Yamaha - 200W 2-Ch. Stereo Receiver - Black

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On Display at Fair City Mall

Enjoy wireless music playback from smartphones or other mobile devices with this Yamaha Hi-Fi stereo receiver. It has a handy speaker selector for switching between the sound output terminals, and it uses Bluetooth for wireless connectivity. A power management feature on this Yamaha stereo receiver shuts it down automatically when the receiver is not being used.
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What's Included

  • 200W 2-Ch. Stereo Receiver
  • Remote control
  • FM and AM antennas
  • Batteries
  • Owner's manual

Ratings & Reviews

Overall Customer Rating:
Rating 4.55 out of 5 stars.
93% of customers would recommend this product to a friend (160 out of 173)


200W total power

RMS Rating of 100W x 2 @ 8 ohms, 40Hz - 20kHz, 0.2% THD for robust audio.

Speaker A/B switching

Lets you easily switch between 2 sets of speakers.

AM/FM digital tuner

40 station presets lets you program your favorites for simple one-touch recall.

Bluetooth interface

Allows simple wireless pairing with compatible Bluetooth-enabled devices.

Simple and Sophisticated Design

With an elegant brushed finish, it harmonizes beautifully with other audio equipment.

For additional information please see the Specifications Tab

Overall Customer Rating

93%of customers recommend this product.



Questions & Answers

Popular Topics

  • Q: I have two loud speakers JBL 150 W . How many watts does this unit send to each speaker?

    Asked by Soundman on December 12, 2016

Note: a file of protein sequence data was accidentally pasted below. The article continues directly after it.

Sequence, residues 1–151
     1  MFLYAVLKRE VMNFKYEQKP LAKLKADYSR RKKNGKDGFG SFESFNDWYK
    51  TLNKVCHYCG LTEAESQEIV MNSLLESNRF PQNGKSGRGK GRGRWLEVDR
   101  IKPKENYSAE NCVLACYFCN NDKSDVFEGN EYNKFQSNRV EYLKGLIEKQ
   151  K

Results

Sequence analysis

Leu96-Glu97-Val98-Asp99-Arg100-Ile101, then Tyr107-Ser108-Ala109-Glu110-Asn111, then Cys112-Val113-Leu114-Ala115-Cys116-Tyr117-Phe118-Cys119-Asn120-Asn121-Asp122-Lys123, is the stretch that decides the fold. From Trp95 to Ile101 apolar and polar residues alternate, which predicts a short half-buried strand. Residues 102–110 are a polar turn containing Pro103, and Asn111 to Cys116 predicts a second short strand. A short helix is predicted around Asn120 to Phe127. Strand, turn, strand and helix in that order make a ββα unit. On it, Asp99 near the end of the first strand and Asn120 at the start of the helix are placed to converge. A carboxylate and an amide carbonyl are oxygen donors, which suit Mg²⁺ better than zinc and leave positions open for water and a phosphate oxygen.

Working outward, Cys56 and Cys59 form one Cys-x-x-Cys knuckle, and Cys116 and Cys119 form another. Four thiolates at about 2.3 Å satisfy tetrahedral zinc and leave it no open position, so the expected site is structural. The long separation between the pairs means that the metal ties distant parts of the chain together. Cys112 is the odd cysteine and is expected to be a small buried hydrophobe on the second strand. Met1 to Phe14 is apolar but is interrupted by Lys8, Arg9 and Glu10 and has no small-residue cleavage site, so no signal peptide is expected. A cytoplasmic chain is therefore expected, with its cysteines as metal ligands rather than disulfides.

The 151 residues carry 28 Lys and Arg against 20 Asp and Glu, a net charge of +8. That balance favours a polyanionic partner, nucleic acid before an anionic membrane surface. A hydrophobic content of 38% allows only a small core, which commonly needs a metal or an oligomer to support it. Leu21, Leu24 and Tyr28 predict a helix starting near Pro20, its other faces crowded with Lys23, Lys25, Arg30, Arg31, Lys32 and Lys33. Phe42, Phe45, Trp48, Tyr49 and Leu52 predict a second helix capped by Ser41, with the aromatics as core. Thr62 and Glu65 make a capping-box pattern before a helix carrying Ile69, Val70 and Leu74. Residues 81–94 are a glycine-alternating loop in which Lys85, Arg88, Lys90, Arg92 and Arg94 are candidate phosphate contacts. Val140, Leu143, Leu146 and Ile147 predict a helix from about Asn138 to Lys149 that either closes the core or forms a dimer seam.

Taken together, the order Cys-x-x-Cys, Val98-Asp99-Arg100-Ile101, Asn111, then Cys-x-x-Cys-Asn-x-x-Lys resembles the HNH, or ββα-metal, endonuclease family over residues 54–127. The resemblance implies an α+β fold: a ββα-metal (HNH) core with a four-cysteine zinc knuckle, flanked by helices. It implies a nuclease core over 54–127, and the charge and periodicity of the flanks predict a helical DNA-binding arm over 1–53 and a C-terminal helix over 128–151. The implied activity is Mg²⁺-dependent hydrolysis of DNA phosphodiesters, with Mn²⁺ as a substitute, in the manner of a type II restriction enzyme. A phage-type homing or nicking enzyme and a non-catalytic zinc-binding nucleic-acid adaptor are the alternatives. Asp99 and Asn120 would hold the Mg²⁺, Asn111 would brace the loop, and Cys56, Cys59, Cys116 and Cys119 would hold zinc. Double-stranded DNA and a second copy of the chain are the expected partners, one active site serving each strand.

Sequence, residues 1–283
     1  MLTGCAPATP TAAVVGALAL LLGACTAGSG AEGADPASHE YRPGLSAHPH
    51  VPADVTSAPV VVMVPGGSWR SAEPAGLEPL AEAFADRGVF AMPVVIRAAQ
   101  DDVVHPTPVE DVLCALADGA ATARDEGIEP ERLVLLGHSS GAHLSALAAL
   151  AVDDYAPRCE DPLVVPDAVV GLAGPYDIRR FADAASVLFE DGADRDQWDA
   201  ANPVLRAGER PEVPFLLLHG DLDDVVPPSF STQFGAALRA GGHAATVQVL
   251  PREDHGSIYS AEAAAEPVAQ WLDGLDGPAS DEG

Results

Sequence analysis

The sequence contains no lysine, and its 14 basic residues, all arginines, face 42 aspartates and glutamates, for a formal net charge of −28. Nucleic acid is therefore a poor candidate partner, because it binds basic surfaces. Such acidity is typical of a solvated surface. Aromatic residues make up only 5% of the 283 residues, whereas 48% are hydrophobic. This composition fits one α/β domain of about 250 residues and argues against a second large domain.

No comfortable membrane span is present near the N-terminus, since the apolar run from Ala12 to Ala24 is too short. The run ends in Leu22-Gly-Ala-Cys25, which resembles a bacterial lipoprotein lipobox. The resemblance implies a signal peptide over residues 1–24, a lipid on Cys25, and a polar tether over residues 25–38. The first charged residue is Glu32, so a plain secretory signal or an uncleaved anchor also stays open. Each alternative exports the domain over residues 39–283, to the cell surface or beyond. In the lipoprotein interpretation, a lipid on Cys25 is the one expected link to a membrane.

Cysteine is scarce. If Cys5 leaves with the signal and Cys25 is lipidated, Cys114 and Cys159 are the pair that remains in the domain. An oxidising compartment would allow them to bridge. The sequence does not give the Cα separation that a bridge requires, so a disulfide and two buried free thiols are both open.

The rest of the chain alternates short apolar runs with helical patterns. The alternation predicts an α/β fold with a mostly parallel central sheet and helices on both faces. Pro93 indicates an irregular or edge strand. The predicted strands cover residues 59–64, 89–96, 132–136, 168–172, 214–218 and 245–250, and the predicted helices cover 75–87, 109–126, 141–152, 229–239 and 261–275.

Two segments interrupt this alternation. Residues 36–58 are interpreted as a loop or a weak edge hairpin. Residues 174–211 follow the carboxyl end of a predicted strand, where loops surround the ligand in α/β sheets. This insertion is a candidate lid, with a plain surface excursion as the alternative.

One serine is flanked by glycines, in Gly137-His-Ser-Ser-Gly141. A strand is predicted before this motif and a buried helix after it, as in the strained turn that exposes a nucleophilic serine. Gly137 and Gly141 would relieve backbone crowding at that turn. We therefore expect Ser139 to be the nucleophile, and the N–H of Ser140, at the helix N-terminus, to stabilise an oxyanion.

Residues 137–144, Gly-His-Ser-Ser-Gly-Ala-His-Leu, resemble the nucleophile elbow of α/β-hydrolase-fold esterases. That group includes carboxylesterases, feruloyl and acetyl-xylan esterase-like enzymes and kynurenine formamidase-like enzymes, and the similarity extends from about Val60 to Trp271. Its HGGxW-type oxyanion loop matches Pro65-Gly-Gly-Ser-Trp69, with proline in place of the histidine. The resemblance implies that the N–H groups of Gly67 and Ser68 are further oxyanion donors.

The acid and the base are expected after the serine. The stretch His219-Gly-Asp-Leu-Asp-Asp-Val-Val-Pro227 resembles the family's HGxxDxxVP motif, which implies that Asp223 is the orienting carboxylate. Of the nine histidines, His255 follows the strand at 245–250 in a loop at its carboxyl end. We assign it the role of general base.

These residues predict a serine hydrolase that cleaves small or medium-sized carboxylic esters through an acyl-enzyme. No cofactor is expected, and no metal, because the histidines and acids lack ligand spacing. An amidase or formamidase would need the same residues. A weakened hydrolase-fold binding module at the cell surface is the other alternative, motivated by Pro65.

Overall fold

• A: Here is an accurate, but complex answer. Output power varies with input voltage, volume control setting, and speaker impedance. The power amplifier in this receiver can cleanly drive 100 Watts RMS maximum into 8 ohm speaker loads. The power is highest when the sound is loudest, less when the sound isn't so loud. Amplifier distortion can kill your tweeters, so, never turn the volume up so loud the amplifier clips. Your speakers are rated for normally balanced music. There is less power at high frequencies than at low frequencies in normal music. Distortion from amplifier clipping can kill the tweeters in speakers that have higher power rating than the amplifier because the distortion is higher frequencies added to the music. Amplifier clipping sounds like a shrill, fuzzy, lack of clarity. Power amplifiers are voltage controlled voltage sources. The volume control controls voltage gain. With normal input voltages, never turn the volume up all the way. Output power doubles for the same voltage when the speaker impedance is halved. Amplifier output current is limited, so maximum amplifier output power does not double when the load impedance is halved, so amplifier clipping starts at a lower output voltage, so don't turn the volume up as high to avoid amplifier clipping with low impedance speakers. The power amplifier in this receiver is capable of clean power output higher than 100 Watts into 8 ohms for brief periods. This is called dynamic power. Normal music does not maintain high volumes continuously. Your speakers are capable of handling clean power higher than the maximum rating for brief periods also. The moral of this story is: the amplifier in this receiver will not have any problem driving your speakers, but use your ears. Listen for shrill, fuzzy, distortion. Don't turn the volume up so high that the amplifier clips and burns out your tweeters or your ears.